It’s not easy to confront your boss over a contentious issue. And what’s more contentious than how much less you’re paid than your male colleagues? Now imagine having that debate live on national radio.
That’s the situation BBC Radio 4 presenter Mishal Husain found herself in yesterday, when she interviewed her boss about the dramatic pay gap recently revealed at the British broadcaster. Not only do the 96 highest paid employees at the BBC collectively earn a whopping £31.9 million ($41.4 million) a year, but the majority of those in the top-earning category are men. Women are notably underpaid compared to their colleagues in similar roles.
Husain was one of those women. Her colleague John Humphrys, for instance, was listed in the report, prepared by the BBC, as earning £400,000 ($517,820) more than her a year. You can listen to her interview with BBC director Tony Hall about the issue on the popular breakfast show Radio 4 at this link, starting at 1:32:50 min.
Husain’s interview can teach us a thing or two about how to confront thorny issues with someone senior at work. And some of her tactics mirror advice given by communications experts like Joseph Grenny, co-author of Crucial Conversations and Holly Weeks, author of Failure to Communicate. Here’s how:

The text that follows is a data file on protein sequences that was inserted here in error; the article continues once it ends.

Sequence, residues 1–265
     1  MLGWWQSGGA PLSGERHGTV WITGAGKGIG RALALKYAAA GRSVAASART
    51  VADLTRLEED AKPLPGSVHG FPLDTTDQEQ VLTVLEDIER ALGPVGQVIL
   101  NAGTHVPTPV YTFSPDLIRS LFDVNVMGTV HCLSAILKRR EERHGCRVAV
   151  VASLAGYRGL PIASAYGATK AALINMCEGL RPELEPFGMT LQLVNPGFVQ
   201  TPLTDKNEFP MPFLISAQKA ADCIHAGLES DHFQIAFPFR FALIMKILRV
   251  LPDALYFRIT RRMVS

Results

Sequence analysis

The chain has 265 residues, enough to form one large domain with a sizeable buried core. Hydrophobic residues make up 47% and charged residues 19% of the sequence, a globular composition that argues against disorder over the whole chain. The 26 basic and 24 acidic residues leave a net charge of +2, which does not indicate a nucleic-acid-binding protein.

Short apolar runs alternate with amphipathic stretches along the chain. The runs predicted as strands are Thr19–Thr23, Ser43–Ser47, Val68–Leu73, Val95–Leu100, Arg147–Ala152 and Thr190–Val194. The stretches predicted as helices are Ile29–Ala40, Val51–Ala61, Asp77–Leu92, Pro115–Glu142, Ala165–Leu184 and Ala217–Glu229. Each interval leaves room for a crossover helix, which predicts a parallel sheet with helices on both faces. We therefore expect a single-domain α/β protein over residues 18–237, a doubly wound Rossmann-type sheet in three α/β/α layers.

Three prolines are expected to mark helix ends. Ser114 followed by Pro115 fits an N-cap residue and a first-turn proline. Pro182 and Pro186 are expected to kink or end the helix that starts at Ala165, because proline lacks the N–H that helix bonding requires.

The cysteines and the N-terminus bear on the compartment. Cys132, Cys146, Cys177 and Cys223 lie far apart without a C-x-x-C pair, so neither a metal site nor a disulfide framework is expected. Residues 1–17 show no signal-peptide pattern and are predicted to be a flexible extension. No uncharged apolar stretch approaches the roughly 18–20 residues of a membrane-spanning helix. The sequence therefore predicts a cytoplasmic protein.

Identify a shared goal and validate it
If you have to confront your superior about something you know will be contentious, aim to make your point and provide context clearly, so that you’re not seen as some uppity underling but as a colleague working towards shared interests. By clearly stating the idea, opinion, or proposal that you are querying, you will have a strong foundation to build upon for the discussion. Husain began the interview by providing context to her question, which was framed succinctly and directly. “You have acknowledged that the figures reveal a gender pay gap,” she said to Hall. “Two-thirds of the highest earning presenters are men. How are you going to address the pay gap?”
During the conversation, aim to keep the pace slow and your tone even. If you appear anxious, the person on the other side gets a mixed message. Confidence sends a clear message to your superior that you know what you want. When Hall didn’t answer her question as clearly as she’d liked, Husain calmly called him out: [That’s] a different point to the point I put to you about the pay gap,” she said.
Don’t make judgments
Watch your language carefully. Don’t say things like “short-sighted,” “foolish,” or “hasty.” Instead, cut out all the adjectives and state the facts so you minimize the risk of being misinterpreted. Stay neutral and focused to encourage further discussion, not stop it in its tracks. When Hall began talking about how difficult it was to manage the wage bill given funding was stagnant, Husain brought the conversation back to the question at hand, instead of getting frustrated: “I’m not sure what that means, in terms of managing the gender pay gap,” she said. “Does that mean you’re going to be asking the men to take a pay cut?”
Grenny and Weeks also advise people to discuss issues in private, and to not overplay the risks of speaking up. Husain was fulfilling her mandate as a BBC reporter by discussing these issues publicly—but as a trained professional interviewer, she gave us some helpful tips along the way.
Correction: An earlier version of this article listed John Humphrys as earning £200,000 more than Mishal Husain instead of £400,000 more.